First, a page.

Cream the butter and add the sugar gradually, moistening with the milk and egg to make the mixture thin enough to spread. Melt the chocolate in a saucepan over hot water and pour into the icing mixture. Add the vanilla. Beat thoroughly and if more sugar or liquid is needed to make the icing thicker or thinner, add until it is of the right consistency to spread.

    Time to Complete: About 45-50 minutes.

    How Successful Was It?: It was a very pretty chocolate cake, but extremely sweet and bit on the dry side.  Not inedible, but I wouldn't make it again.

    How Accurate Is It?: I followed the recipe exactly as instructed.  The only thing modern about it was the time and temperature that I got off of a modern recipe, since the original one didn't state that part.

    “Season of mists and mellow fruitfulness,
    Close bosom-friend of the maturing sun;
    Conspiring with him how to load and bless
    With fruit the vines that round the thatch-eves run;
    To bend with apples the moss’d cottage-trees,
    And fill all fruit with ripeness to the core;
    To swell the gourd, and plump the hazel shells
    With a sweet kernel; to set budding more,
    And still more, later flowers for the bees,
    Until they think warm days will never cease,
    For Summer has o’er-brimm’d their clammy cells.”

    - John Keats, Ode to Autumn

    Sunday, September 28, 2014

    Ashland 1814 Living History Days

    Yesterday, I spent a gorgeous early Fall day at a local historic estate called Ashland.  It was the home of early 1800's politician Henry Clay.  This weekend, Ashland celebrated the 200th anniversary of Henry Clay's involvement in The Treaty of Ghent.

    The current home on the Ashland estate is Victorian, but the floor plan is the original Federal style floor plan.  It is unfortunate that photographs are not allowed inside the home.  It is a truly stunning place.

    While at the event, I met some beautiful ladies that are a part of the 2nd Regiment Kentucky Volunteer Militia.

    I strolled the wooded grounds and gardens of Ashland, toured the home, and listened to a first person portrayal of Henry Clay's housekeeper.  I met a group of quilting ladies who convinced me that I wasn't as bad at quilting as I thought.

    But I spent most of my time at a tea table with my friends Natalie, Jill, and Emily, watching the golden leaves of the walnut trees around us drift down in the breeze like schools of fish.  My official role during the weekend was to demonstrate embroidery.  I have been working for the past month on a 1760's seat cushion crewelwork reproduction.  Jill taught about the history of tea, and Natalie and Emily demonstrated wool spinning and weaving.  The crowd was small, but very curious and keen to learn.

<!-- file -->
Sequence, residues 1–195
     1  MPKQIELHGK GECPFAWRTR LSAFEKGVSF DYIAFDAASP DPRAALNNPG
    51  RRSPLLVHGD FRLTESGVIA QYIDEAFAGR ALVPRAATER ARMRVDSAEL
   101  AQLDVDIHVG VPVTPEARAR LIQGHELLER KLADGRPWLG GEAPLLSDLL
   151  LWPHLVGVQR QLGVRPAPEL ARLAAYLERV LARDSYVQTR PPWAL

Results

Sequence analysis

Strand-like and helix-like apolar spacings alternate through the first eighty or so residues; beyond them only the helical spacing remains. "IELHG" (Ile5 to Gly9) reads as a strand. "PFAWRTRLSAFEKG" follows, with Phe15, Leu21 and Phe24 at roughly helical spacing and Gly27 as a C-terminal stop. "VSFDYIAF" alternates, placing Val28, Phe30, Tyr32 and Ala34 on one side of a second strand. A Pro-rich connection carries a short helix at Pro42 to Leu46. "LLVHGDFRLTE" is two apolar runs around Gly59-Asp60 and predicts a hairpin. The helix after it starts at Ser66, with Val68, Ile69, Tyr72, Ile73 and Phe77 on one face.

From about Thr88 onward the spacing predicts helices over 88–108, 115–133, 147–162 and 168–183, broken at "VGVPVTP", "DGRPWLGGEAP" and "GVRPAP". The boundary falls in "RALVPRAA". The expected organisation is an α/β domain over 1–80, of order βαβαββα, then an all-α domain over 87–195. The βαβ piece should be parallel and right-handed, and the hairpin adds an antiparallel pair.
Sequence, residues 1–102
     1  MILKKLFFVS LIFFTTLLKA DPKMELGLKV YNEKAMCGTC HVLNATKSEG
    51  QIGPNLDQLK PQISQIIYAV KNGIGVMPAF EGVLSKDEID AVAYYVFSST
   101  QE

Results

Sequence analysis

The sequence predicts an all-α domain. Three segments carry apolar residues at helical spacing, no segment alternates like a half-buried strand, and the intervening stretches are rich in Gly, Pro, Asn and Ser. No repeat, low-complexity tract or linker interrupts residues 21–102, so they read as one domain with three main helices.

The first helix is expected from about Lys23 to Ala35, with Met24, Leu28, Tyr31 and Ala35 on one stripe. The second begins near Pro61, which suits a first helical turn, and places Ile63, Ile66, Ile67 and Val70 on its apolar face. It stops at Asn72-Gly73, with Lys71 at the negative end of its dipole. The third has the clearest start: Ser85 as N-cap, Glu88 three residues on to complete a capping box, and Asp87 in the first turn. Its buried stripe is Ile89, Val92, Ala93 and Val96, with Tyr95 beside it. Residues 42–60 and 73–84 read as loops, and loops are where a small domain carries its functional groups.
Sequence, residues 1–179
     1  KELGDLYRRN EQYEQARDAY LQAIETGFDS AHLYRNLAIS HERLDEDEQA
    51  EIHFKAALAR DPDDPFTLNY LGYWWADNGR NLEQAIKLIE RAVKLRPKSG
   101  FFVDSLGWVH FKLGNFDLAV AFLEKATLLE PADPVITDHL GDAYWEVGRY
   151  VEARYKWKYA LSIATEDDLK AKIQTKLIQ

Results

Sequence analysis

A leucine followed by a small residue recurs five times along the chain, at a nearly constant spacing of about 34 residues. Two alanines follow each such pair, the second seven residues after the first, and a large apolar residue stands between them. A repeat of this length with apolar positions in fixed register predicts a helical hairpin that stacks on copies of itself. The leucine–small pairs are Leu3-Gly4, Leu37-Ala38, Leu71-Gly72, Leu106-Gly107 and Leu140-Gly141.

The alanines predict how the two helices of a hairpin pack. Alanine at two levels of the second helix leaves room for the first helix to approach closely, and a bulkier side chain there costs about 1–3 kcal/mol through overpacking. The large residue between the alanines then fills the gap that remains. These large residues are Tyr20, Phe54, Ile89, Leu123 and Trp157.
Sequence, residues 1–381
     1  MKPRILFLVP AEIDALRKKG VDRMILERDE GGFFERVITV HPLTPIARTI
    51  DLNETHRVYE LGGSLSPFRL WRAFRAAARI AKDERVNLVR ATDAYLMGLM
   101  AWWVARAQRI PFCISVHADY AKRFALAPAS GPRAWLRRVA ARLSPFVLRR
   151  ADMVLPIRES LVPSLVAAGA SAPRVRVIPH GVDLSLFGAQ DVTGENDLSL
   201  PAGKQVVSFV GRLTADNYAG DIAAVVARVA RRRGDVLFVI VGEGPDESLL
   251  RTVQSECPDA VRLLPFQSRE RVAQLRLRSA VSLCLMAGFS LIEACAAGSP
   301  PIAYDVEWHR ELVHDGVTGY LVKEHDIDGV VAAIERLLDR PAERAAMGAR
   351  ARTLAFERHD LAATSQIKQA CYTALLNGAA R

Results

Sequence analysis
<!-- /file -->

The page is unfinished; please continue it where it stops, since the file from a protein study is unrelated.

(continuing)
I am always surprised and refreshed by the number of children (boys especially) that are interested in learning about sewing, embroidery, weaving and spinning!  Children truly do long for the hand crafts of our ancestors. They get so little time and experience with handmade arts these days.  It is a way of life that is disappearing, if not already gone, for much of society.  As someone who loves art and history, I feel like it's my responsibility to pass on this knowledge to the next generation.  I hope that every historical costumer/reenactor feels and does the same.  Whatever your craft might be, what you do should not be only for your vain enjoyment, but to lift up and pass on a way of life that is threatened to become extinct.

    Because of the time portrayed, 1812-1814, I finally had the chance to wear the blue velvet spencer that I made a year and a half ago.  The day was a bit warm for it, around 80*F, but it fit the era so perfectly that I couldn't resist.

    Overall, I wouldn't have changed a thing about the day except to ask for more time.  To say it was pleasant is an understatement.  

    P.s. - To see more pictures of the day (and the front of my spencer) check out THIS PAGE by a local photographer who took pictures of the event in 3D!  3D glasses are a must!